by Jonathan Griffin
Shulamit Nazarian, Los Angeles
I noticed no actual signage letting gallery visitors know that it was OK to touch certain of Naama Tsabar’s wall-mounted artworks. Fortunately, Israeli-born, New York-based Tsabar is becoming increasingly well known for her interactive Works on Felt series, begun in 2012: panels of thick felt, curling away from the wall (or, initially, the floor) under tension from taut piano wires. Those wires are connected to hidden microphones, which are in turn connected to cables that hang down and plug into nearby guitar amps. When struck – as a gallery director helpfully demonstrated, encouraging me to do the same – the wires produce a twang whose pitch can be modulated by flexing the felt. Stroking the felt creates a sound too. Four iterations of the series hang in this exhibition, variations (to use Tsabar’s terminology) 21 through 24.
The association with Robert Morris’s felt works of the late 1960s is unavoidable, and intentional. It is also somewhat unresolved, and ultimately a distraction from the many qualities that make these works compelling. My reading is that Morris features here as a kind of hypermasculine, authoritarian, antiexpressionistic straw man; he is one of a number of museum-grade Minimalists evoked by Tsabar (others include Ellsworth Kelly and Lucio Fontana) whose hegemony is supposedly undermined half a century after the fact by works that are tactile, interactive and feminised. (Tsabar uses female or gendernonconforming musicians when she activates her sculptures in performance – as she will towards the end of this exhibition.) To me, Morris – his bizarre 1974 Artforum ad notwithstanding – seems almost an antimacho artist: a pioneer of antiform and interactive sculptures, and a maker of entropic, defeated piles of floppy material. By contrast, Tsabar inserts carbon fibre inside her sheets of felt in order to maintain precisely the right semblance of flop, and public interaction with them is encouraged only under careful supervision.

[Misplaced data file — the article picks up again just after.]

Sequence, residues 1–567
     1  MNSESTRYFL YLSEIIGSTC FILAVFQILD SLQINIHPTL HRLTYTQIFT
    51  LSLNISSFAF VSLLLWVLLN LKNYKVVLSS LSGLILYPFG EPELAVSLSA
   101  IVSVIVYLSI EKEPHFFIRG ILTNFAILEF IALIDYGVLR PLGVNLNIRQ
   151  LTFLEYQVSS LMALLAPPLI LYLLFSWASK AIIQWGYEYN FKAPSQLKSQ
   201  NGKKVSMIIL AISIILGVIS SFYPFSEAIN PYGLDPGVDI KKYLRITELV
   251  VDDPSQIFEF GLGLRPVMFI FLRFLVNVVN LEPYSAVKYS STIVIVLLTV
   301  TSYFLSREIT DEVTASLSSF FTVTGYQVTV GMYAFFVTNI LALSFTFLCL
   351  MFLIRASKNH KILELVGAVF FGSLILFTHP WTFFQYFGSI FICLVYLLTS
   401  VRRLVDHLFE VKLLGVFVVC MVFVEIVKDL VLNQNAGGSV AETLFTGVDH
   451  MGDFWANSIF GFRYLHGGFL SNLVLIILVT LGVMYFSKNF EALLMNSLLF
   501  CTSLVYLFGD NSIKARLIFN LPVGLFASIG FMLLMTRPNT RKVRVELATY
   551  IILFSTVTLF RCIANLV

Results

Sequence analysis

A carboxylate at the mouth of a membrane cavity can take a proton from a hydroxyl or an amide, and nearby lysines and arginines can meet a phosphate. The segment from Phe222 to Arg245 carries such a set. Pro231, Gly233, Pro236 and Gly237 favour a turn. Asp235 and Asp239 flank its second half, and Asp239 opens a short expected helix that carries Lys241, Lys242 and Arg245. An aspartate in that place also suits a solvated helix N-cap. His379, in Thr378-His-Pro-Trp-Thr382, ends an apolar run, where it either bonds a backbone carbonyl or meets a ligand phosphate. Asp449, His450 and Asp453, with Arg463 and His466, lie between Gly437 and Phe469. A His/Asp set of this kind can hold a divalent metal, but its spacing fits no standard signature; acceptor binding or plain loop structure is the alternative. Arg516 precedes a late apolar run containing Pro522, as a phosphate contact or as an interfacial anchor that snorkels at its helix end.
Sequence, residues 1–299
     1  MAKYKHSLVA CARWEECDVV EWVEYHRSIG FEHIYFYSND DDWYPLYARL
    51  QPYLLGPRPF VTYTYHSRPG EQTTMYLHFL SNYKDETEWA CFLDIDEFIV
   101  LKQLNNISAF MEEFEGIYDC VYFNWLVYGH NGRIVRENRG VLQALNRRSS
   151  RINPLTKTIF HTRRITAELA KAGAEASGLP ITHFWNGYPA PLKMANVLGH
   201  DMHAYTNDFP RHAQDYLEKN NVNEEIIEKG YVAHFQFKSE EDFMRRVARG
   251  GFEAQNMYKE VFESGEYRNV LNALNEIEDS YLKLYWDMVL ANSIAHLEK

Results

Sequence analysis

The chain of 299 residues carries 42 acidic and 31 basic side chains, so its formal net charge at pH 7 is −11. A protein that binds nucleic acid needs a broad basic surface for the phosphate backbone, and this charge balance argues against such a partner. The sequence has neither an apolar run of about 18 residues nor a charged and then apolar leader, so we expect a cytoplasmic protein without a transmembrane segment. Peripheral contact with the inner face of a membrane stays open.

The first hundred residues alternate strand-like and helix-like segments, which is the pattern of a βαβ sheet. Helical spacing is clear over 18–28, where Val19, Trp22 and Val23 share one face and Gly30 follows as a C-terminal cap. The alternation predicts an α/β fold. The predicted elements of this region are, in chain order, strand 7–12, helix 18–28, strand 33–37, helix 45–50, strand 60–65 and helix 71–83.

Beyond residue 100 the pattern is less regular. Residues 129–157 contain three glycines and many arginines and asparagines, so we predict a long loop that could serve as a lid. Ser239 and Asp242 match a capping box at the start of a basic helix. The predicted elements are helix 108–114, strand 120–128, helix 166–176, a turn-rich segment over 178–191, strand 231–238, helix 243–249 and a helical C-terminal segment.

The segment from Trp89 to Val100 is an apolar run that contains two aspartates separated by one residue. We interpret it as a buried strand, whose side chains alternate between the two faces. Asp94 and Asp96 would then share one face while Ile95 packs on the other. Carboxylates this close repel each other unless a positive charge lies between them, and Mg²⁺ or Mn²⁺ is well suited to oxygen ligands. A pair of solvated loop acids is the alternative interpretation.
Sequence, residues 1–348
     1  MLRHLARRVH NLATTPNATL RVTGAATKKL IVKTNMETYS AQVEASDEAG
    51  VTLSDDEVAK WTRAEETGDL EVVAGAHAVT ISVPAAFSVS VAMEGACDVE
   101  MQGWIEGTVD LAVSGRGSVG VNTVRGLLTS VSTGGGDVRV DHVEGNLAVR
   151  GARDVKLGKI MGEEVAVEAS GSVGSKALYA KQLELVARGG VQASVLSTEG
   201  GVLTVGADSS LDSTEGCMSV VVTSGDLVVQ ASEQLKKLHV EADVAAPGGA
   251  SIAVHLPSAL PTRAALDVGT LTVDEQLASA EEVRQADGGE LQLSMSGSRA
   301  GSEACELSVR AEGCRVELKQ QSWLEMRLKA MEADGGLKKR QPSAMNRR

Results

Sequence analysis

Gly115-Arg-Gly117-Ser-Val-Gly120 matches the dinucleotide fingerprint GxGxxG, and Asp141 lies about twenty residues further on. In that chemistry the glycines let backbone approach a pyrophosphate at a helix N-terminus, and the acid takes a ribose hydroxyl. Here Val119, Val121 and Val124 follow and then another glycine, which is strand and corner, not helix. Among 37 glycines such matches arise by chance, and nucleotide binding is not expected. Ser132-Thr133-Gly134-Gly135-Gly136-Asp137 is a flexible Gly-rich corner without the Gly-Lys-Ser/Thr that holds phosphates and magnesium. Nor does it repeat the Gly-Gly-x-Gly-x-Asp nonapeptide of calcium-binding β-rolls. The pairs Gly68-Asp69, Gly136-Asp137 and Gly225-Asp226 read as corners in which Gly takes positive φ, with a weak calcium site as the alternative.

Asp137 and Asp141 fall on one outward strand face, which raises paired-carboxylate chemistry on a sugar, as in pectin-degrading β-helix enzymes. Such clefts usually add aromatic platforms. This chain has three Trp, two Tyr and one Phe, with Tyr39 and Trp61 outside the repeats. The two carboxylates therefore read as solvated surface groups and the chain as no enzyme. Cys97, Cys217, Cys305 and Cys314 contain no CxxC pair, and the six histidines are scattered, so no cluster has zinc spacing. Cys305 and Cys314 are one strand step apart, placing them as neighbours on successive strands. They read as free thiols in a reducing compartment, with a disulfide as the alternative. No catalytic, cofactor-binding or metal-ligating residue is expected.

Tsabar’s Transition works, a series begun in 2015, are based on deconstructed (though still functional) guitar amps. The kind of woven fabric that would usually cover the speaker is instead stretched over large paintinglike frames; these are inset with jacks, knobs, switches and blinking red LEDs and strung with electrical cables, giving the once-dudely hardware the appearance of looms. These pieces, apparently, are not meant to be touched, although other works by the artist can be plugged into them. When they are idle, they emit a low buzz – an ironic analogy, perhaps, of the crackling aura that emanates from certain Minimalist paintings by Agnes Martin, which one superficially resembles.
A new body of work, Inversions, features stringed instruments built into cavities in the gallery walls, implicitly transforming the entire building into a music-making device. In the sense that these esoteric sculptural interventions look like nothing so much as themselves, and do not rebound from preexisting artistic models or histories, they might be the most successful works in the show. Only the imperfect quality of their craftsmanship – which emulates guitar, harp, banjo and violin construction techniques – lets them down. (Luthiers set the bar pretty high.)
Inversions is also the title of the show. Maybe all art must declare what it is not – what it subverts, or inverts – before we understand what it is. I just wish that the art in this exhibition – which is undeniably strong both in form and in content – prioritised its own inherent generosity and sensuality, rather than foregrounding the precedents that it so obviously means to invert.
First published: Art Review, March 2020